Bacteria make major evolutionary shift in the lab - life - 09 June 2008 A major evolutionary innovation has unfurled right in front of researchers' eyes. It's the first time evolution has been caught in the act of making such a rare and complex new trait. And because the species in question is a bacterium, scientists have been able to replay history to show how this evolutionary novelty grew from the accumulation of unpredictable, chance events. Twenty years ago, evolutionary biologist Richard Lenski of Michigan State University in East Lansing, US, took a single Escherichia coli bacterium and used its descendants to found 12 laboratory populations. The 12 have been growing ever since, gradually accumulating mutations and evolving for more than 44,000 generations, while Lenski watches what happens. Profound change Mostly, the patterns Lenski saw were similar in each separate population. Indeed, the inability to use citrate is one of the traits by which bacteriologists distinguish E. coli from other species. Rare mutation? Evidence of evolution Promoted Stories
Extraterresterial Life Exists, Scientist Chandra Wickramasinghe Claims If a group of scientists are correct, tiny fossils uncovered inside a meteorite found in Sri Lanka in December are proof of extraterrestrial life. In a detailed paper called "Fossil Diatoms In A New Carbonaceous Meteorite" that is appearing in the Journal of Cosmology, Chandra Wickramasinghe claims to have found strong evidence that life exists throughout the universe. An electron microscope was used to study the reported remains of a large meteorite (see image below right) that fell near the Sri Lanka village of Polonnaruwa on Dec. 29. Wickramasinghe is the director of the Buckingham Centre for Astrobiology at the University of Buckingham in the U.K. Wickramasinghe and the late English astronomer Sir Fred Hoyle co-developed a theory known as "panspermia," which suggests that life exists throughout the universe and is distributed by meteoroids and asteroids. But with any remarkable claim comes criticism of the scientist's research and conclusions. Loading Slideshow
Baba Brinkman’s Rap Guide to Evolution Science and hip-hop? “Never the twain shall meet,” you may cry, and until recently, I’d have agreed with you on that one, fo’ shizzle. But then I stumbled across a collaboration which challenges that assumption. Baba Brinkman’s Rap Guide to Evolution is interesting, intelligent and funny hip-hop about evolutionary theory. The video below, “Natural Selection”, has its tongue firmly in its cheek, featuring a dance-off between Darwin and some of his best-known opponents, including the perennial favourite, God, and a more modern proponent of creationism, Sarah Palin. Fellow SciAm blogger Kevin Zelnio wrote about Baba back in November, but this unique rapper warrants a bit more attention – and a few links to his official music videos. With a little financial help from the Wellcome Trust, Baba has written 10 tracks about different aspects of evolutionary theory, and what it can tell us about modern life. I hope you enjoy them as much as I did – a happy new yizzle to you all!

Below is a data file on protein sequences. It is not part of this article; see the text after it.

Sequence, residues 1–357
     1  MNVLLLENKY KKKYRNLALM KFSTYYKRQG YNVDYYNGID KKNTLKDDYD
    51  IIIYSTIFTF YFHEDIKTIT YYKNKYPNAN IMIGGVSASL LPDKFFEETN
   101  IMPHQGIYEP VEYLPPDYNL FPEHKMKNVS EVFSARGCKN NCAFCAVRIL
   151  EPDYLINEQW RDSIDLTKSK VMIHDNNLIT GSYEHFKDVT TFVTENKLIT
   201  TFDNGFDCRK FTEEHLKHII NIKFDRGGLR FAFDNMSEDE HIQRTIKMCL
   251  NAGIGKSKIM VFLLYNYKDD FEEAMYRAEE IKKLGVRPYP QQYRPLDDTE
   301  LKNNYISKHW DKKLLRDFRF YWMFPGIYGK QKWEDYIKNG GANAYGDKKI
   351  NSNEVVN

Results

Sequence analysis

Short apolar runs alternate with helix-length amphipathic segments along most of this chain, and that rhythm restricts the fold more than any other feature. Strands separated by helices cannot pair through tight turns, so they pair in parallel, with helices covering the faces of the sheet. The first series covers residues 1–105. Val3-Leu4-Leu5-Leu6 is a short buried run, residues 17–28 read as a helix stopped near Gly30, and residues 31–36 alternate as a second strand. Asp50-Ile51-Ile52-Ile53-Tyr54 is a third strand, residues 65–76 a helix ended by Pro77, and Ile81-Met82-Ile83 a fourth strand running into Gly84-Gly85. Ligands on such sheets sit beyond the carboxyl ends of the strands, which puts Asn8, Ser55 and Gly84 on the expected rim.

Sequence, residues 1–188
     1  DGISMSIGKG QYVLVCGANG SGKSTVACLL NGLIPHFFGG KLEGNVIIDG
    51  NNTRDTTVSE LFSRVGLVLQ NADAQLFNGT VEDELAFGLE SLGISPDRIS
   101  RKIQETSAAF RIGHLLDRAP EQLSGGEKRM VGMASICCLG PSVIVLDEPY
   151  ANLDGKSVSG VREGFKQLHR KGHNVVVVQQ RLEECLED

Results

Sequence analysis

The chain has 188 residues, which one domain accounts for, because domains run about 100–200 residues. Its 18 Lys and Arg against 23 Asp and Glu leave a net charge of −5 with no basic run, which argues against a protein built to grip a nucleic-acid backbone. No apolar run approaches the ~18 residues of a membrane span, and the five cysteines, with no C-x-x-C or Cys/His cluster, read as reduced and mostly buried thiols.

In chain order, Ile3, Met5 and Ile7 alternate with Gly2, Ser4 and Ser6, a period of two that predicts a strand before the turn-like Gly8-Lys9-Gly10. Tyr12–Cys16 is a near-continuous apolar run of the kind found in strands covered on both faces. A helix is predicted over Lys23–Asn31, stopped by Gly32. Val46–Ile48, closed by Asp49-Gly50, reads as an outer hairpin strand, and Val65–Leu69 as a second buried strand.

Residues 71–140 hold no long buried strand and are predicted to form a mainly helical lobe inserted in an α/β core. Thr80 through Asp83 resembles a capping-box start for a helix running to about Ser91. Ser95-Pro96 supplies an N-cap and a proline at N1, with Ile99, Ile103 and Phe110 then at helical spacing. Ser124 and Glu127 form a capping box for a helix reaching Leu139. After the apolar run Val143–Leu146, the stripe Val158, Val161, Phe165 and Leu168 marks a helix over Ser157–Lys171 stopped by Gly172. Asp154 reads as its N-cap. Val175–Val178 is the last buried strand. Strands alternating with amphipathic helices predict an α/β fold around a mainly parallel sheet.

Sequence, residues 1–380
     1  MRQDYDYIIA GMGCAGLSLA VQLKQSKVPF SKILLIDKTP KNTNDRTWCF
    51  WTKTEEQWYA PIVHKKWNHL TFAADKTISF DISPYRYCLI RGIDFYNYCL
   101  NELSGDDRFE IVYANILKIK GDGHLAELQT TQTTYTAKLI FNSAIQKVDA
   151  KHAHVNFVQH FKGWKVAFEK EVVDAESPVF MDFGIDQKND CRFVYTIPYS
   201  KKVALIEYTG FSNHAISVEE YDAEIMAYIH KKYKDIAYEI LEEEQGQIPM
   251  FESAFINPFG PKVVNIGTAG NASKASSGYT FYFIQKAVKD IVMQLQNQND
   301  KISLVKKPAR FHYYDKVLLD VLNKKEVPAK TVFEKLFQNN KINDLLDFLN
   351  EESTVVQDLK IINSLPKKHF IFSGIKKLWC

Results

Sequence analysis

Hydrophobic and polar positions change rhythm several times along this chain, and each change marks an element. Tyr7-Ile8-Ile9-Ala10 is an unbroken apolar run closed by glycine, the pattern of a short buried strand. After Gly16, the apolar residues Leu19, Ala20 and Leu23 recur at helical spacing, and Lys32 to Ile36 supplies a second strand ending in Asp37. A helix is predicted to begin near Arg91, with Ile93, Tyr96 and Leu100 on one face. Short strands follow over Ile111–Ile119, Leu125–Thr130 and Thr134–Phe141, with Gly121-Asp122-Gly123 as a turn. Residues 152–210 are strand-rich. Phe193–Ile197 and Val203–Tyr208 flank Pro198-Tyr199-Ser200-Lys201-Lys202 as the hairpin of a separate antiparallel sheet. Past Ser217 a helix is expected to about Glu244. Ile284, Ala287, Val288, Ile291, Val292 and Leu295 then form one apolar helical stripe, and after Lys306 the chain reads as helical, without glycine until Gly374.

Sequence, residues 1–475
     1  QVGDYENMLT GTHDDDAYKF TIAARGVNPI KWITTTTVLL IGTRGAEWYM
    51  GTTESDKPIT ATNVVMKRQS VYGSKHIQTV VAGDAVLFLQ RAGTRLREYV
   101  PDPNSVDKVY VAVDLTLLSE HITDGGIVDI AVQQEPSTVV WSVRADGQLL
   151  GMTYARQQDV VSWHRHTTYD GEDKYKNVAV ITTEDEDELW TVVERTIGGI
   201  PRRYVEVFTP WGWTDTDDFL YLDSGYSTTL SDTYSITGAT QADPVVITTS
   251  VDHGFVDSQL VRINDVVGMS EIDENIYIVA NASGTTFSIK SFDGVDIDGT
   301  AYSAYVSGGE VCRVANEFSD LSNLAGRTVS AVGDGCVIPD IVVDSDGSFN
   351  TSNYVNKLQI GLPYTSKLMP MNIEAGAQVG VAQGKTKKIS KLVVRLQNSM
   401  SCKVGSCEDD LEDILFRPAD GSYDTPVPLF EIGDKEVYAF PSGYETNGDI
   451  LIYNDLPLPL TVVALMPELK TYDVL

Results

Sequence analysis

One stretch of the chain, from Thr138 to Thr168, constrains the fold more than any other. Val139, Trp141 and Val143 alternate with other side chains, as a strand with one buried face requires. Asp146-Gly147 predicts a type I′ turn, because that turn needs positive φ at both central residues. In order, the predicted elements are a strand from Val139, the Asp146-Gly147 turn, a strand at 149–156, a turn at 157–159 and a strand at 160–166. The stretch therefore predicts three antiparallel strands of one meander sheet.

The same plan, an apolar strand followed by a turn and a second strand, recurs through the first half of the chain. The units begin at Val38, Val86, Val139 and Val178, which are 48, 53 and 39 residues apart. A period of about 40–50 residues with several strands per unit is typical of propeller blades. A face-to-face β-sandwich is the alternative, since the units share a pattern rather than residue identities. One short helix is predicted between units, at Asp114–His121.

Same Genes, Different Fates | Discoveries Eppie Lederer and Pauline Phillips were one of the most famous pairs of identical twins in the United States during the 20th century. Born 17 minutes apart, both women became wildly popular syndicated columnists—as Ann Landers and Abigail Van Buren, respectively—and dispensed tart-tongued advice about love and other matters. Photos from their younger days reveal that the two women were uncanny look-alikes, both graced with fashion-model cheekbones and vibrant eyes. Over the years, ever-changing hairstyles made it easier to tell them apart. But it was their dramatically diverging health, finally, that truly distinguished one from the other. Yet if DNA is not destiny, how is it that genes and environmental influences interact to bring about disease? As the name suggests, the epigenome acts directly on genes, the basic units of heredity. The body’s complete library of DNA, known as the genome, is found in every cell. The most-studied form of epigenetic modification is DNA methylation.
The History and Geography of Inventions [Home Page][Other Page] [Search Inventions] [Before 10,000 BC][10,000 BC to 4000 BC][4000 BC to 3000 BC][3000 BC to 2000 BC][2000 BC to 1000 BC][1000 BC to 1 BC][1 AD to 1000 AD][1000 to 1500][1500 to 1700][1700 to 1800][1800 to 1850][1850 to 1900][1900 to 1950][Since 1950] [Inventions][Biographies][Religions of the World][Bible Contradictions][Rain][Countries of the World][Cookery][Music][Composers (Opera)] [Readers' Feedback (Religion)] [Language][Travel][Eclipses][London][Astronomy][Mathematics][Physics][Chemistry][Biology][Football][Television][Other] Sponsored Link Atlas of the Human Journey - The Genographic Project When humans first ventured out of Africa some 60,000 years ago, they left genetic footprints still visible today. By mapping the appearance and frequency of genetic markers in modern peoples, we create a picture of when and where ancient humans moved around the world. These great migrations eventually led the descendants of a small group of Africans to occupy even the farthest reaches of the Earth. Our species is an African one: Africa is where we first evolved, and where we have spent the majority of our time on Earth. According to the genetic and paleontological record, we only started to leave Africa between 60,000 and 70,000 years ago. Once the climate started to improve, after 70,000 years ago, we came back from this near-extinction event. Slightly later, a little after 50,000 years ago, a second group appears to have set out on an inland trek, leaving behind the certainties of life in the tropics to head out into the Middle East and southern Central Asia.